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Carrageenan  Audio icon

Other Names: Carraguard, PC-515, lambda carrageenan
Drug Class: Microbicides
Registry Number: 9000-07-1 (CAS)
Chemical Name: Carrageenan
Chemical Class: Natural Products, Marine Saccharides
Company: Population Council Center for Biomedical Research
Phase of Development: Phase III. In a Phase II clinical study, carrageenan vaginal gel was found to be ineffective as a topical microbicide for preventing HIV infection.

(Compound details obtained from ChemIDplus Advanced1, NIAID Therapeutics Database2, Antiviral Research article3, and The Population Council, Inc. News Release4)
Patent Version Content


Mechanism of Action: Microbicide; polyanion-based entry inhibitor. Carraguard, a sulfated anionic polymer, contains a mixture of lambda- and kappa-carrageenan derived from red seaweed.5,6 Carrageenan is broad-acting, with demonstrated activity against CXCR4 HIV isolates and other sexually transmitted pathogens.6 As a polyanionic microbicide for the prevention of sexually acquired HIV-1 infection, carrageenan’s main mechanism of action is through preventing viral attachment to target cells via electrostatic interactions with viral gp120.3,6 

Dosing in Clinical Trials

Carrageenan microbicide gel is applied intravaginally. 

Phase III (HIV-uninfected women)

  • Safety and Efficacy Study
    Carrageenan microbicide gel versus placebo gel; gels were applied within 1 hour before vaginal intercourse. (Follow-up period of up to 2 years.)4,7,8 

Additional studies of carrageenan microbicide gel have also been completed. 

Adverse Events

In the Phase III study of carrageenan microbicide gel versus placebo gel used in a coitally dependent manner for up to 2 years by over 6000 enrolled women, carrageenan gel applied vaginally was found to be safe. Ninety-five (2%) women experienced an adverse event related to gel use (48 women in the carrageenan gel group; 47 women in the placebo gel group). Serious adverse events occurred in 72 (2%) women in the carrageenan gel group and in 78 (3%) women in the placebo gel group. Only one serious adverse event, which occurred in the placebo gel group, was considered possibly related to gel use.4,8 

Drug Interactions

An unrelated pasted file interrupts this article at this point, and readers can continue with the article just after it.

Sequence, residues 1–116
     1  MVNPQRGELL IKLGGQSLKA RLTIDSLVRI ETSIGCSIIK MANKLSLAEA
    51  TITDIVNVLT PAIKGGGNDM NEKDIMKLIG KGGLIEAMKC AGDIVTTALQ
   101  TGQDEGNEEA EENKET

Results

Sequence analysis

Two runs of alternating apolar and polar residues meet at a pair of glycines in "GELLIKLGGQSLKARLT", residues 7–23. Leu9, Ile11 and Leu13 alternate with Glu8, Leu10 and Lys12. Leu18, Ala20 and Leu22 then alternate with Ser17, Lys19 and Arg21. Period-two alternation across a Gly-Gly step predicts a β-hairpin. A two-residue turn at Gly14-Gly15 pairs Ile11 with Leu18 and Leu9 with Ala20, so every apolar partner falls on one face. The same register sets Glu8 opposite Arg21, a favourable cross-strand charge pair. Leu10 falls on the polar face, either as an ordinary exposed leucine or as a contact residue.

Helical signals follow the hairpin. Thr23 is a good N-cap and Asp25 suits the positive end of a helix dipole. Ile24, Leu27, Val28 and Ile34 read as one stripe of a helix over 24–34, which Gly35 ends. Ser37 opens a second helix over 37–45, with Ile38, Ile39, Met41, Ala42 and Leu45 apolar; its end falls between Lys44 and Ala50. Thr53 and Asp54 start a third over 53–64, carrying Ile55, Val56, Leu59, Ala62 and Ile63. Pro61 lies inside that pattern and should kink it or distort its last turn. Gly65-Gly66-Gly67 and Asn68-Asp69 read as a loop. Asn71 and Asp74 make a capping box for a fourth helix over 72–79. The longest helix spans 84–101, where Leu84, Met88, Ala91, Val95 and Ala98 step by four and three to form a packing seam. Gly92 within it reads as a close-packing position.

Drug interactions related to carrageenan microbicide gel use are currently unknown.


1. United States National Library of Medicine. ChemIDplus Advanced. Last accessed on March 13, 2014.

2. National Institute of Allergy and Infectious Diseases (NIAID). NIAID ChemDB, HIV Drugs in Development. Last accessed on March 13, 2014.

3. Pirrone V, Wigdahl B, Krebs FC. The rise and fall of polyanionic inhibitors of the human immunodeficiency virus type 1. Antiviral Res. 2011 Jun;90(3):168-82. Last accessed on March 13, 2014.

4. The Population Council, Inc.: News Release, dated February 18, 2008. Trial Shows Anti-HIV Microbicide Is Safe, but Does Not Prove It Effective. Last accessed on March 13, 2014.

5. Altini L, Blanchard K, Coetzee N, et al. Expanded safety and acceptability of the candidate vaginal microbicide Carraguard® in South Africa. Contraception. 2010 Dec;82(6):563-71. Last accessed on March 13, 2014.

6. Trapp S, Turville SG, Robbiani M. Slamming the door on unwanted guests: why preemptive strikes at the mucosa may be the best strategy against HIV. J Leukoc Biol. 2006 Nov;80(5):1076-83. Last accessed on March 13, 2014.

7. The Population Council, Inc. Phase III Study of the Efficacy and Safety of the Microbicide Carraguard in Preventing HIV Seroconversion in Women (Population Council Protocol 322): Summary. Last accessed on March 13, 2014.

8. Skoler-Karpoff S, Ramjee G, Ahmed K, et al. Efficacy of Carraguard for prevention of HIV infection in women in South Africa: a randomised, double-blind, placebo-controlled trial. Lancet. 2008 Dec 6;372(9654):1977-87. Last accessed on March 13, 2014.

Last Reviewed: March 13, 2014

Last Updated: April 25, 2014

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